Blas Manuel de Luna


Blas Manuel de Luna is a Chicano autobiographical poet and educator. He was born in Tijuana, Mexico in 1969, but soon immigrated with his family to Madera, California. There, he and his young brothers and sisters worked alongside their parents in California’s agricultural fields, picking fruit for long hours. De Luna earned both his bachelor’s and master’s degrees from California State University, Fresno, where he studied English, and he received his MFA in creative writing from the University of Washington. In 2000, he became a Ruth and Jay C. Halls Poetry Fellow at the University of Wisconsin–Madison, where he spent a supremely happy year teaching undergraduate creative writing classes and composing many of the poems that would later appear in his first book. That collection, Bent to Earth, was published in 2006 by Carnegie Mellon University Press and became a finalist for the National Book Critics Circle Award in Poetry. De Luna frequently draws on his own life experience to create his poetry, using straightforward and visually rich language to revisit his immigrant labor experience and the bond he shares with his family, especially his father. De Luna still resides in California, where he is a high school English teacher. 

Bent to the Earth

They had hit Ruben

with the high beams, had blinded

him so that the van

he was driving, full of Mexicans

going to pick tomatoes,

would have to stop. Ruben spun


the van into an irrigation ditch,

spun the five-year-old me awake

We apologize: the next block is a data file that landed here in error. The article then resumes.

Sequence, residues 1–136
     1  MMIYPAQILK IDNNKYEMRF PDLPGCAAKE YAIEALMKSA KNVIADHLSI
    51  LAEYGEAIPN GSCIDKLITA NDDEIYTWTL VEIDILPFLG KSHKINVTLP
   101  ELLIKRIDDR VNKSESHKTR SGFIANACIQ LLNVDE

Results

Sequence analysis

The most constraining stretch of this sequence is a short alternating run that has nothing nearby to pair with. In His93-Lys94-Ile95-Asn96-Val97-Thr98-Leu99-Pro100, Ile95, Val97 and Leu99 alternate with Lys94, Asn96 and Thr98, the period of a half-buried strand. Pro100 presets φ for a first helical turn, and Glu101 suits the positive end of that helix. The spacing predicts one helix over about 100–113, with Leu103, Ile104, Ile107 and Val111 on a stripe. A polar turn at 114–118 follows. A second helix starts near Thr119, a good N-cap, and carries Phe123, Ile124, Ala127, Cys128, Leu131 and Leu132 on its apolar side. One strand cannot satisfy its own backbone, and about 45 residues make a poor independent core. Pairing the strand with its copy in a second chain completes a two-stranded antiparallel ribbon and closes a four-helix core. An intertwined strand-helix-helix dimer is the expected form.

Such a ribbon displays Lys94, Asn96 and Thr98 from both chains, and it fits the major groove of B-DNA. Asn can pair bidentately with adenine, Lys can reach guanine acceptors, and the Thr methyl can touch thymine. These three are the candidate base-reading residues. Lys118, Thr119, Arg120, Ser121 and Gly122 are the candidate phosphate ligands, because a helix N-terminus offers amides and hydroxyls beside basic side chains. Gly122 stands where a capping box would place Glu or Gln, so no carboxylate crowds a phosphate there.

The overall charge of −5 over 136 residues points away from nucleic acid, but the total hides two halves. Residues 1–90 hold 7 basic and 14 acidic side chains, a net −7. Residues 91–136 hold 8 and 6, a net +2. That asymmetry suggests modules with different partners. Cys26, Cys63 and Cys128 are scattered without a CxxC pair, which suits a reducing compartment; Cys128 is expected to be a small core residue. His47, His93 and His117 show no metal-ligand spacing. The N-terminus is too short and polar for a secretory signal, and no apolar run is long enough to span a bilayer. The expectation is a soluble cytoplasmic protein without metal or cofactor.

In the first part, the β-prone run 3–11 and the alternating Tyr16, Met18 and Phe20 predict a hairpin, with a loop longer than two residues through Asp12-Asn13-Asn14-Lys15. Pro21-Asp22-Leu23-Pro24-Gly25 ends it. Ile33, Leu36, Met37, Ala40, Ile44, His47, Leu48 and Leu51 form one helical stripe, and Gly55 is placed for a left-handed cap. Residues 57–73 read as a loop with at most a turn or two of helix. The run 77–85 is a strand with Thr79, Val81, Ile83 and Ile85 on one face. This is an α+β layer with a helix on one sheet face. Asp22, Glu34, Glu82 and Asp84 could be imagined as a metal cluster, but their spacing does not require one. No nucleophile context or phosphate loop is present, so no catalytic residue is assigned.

to immigration officers,

their batons already out,

already looking for the soft spots on the body,

to my mother being handcuffed

and dragged to a van, to my father

trying to show them our green cards.


They let us go. But Alvaro

was going back.

So was his brother Fernando.

So was their sister Sonia. Their mother

did not escape,

and so was going back. Their father

was somewhere in the field,

and was free. There were no great truths


revealed to me then. No wisdom

given to me by anyone. I was a child

who had seen what a piece of polished wood

could do to a face, who had seen his father

about to lose the one he loved, who had lost

some friends who would never return,

who, later that morning, bent

to the earth and went to work.





Literary Movements:


Anthology Years:





Poems of Place

Police Brutality

Literary Devices:


the repetition of the same letter or sound at the beginning of words appearing in succession


a figure of speech in which words repeat at the beginning of successive clauses, phrases, or sentences


a line break interrupting the middle of a phrase which continues on to the next line


visually descriptive or figurative language, especially in a literary work